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Yale University School of Medicine
Deputy Chief Medical Officer
Chief Network Officer
Smilow Cancer Hopsital
New Haven, Connecticut
Anne Chiang, MD, PhD, has disclosed that she has received consulting fees from AstraZeneca, Genentech/Roche, and Jazz Pharmaceuticals and funds for research support from Amgen, AstraZeneca, Bristol-Myers Squibb, and Stemcentrx.
Over the past 3-4 decades, more than 40 phase III trials have failed to improve upon platinum/etoposide chemotherapy for the first-line treatment of extensive-stage small-cell lung cancer (ES-SCLC). In recent years, multiple phase III trials have demonstrated a clinical benefit of adding an anti–PD-L1 immune checkpoint inhibitor (ie, atezolizumab or durvalumab) to chemotherapy for these patients, thereby ushering in a new standard of care in the frontline setting for ES-SCLC. However, not all patients will be candidates for treatment with immunotherapy.
In the relapsed setting, only 2 agents are FDA approved: topotecan, a topoisomerase inhibitor originally approved in 1998, with an oral version approved in 2007, and lurbinectedin, an alkylating drug approved in June 2020 that is indicated for the treatment of adult patients with metastatic SCLC and disease progression on or after platinum-based chemotherapy. Other options recommended by clinical guidelines for the treatment of relapsed disease include single-agent chemotherapies (eg, temozolomide or a taxane) and anti–PD-1 immune checkpoint inhibitor monotherapy (ie, nivolumab and pembrolizumab). However, due to the limited activity of all currently available therapies for relapsed disease, experts recommend enrolling these patients in a clinical trial if available.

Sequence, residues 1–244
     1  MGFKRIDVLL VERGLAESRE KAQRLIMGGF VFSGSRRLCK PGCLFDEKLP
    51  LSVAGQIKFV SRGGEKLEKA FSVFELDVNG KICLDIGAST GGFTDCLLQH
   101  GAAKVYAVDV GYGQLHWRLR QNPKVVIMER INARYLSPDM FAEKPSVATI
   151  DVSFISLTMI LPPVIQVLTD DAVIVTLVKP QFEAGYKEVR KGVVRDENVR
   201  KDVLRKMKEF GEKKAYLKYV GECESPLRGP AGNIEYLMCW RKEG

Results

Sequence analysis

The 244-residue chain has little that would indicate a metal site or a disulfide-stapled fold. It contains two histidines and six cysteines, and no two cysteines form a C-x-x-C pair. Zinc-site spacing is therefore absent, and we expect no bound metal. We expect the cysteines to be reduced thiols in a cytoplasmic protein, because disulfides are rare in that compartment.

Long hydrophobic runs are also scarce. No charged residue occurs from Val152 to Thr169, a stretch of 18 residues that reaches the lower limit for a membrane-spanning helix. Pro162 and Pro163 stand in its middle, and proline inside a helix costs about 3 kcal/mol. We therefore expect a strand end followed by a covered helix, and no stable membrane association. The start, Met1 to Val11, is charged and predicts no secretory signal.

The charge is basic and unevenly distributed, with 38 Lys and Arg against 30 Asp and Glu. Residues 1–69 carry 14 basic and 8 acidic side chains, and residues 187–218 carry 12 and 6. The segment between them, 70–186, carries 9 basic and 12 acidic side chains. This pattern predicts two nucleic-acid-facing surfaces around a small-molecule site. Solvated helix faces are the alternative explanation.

To help guide rational treatment selection in this evolving treatment setting, my colleagues and I developed an online decision support tool for ES-SCLC, including newly diagnosed and relapsed disease.
Navigating the Treatment Decision Tool for ES-SCLC
The ES-SCLC treatment decision support tool provides treatment consultation and recommendations from 5 lung cancer experts for 76 defined patient case scenarios in both the newly diagnosed and relapsed/refractory settings. As a user of the tool, you can enter key patient and disease characteristics to define the different patient scenarios for which you are interested (Figure 1).
Figure 1. Entering patient and disease characteristics into the tool.
Once the information for your particular patient scenario has been defined, you will be asked to indicate your intended treatment choice. After entering your treatment choice, you will be shown the individualized treatment recommendations from all 5 experts for that combination of patient and disease characteristics, allowing you to compare them with your intended therapy (Figure 2).
Figure 2. Expert treatment recommendations.
Through this approach, you can identify clinical scenarios where experts agree on the best treatment options and other scenarios where the available supporting evidence does not clearly favor one treatment over others, and consequently, there is more diversity in expert recommendations.
We hope that you will try this tool and find it useful in the care of your patients with ES-SCLC.
The goal is to routinely update this online tool so that our recommendations continue to include consideration of emerging data and newly available agents as they enter the clinic.
If you have any suggestions regarding this online tool, please be sure to leave a comment below.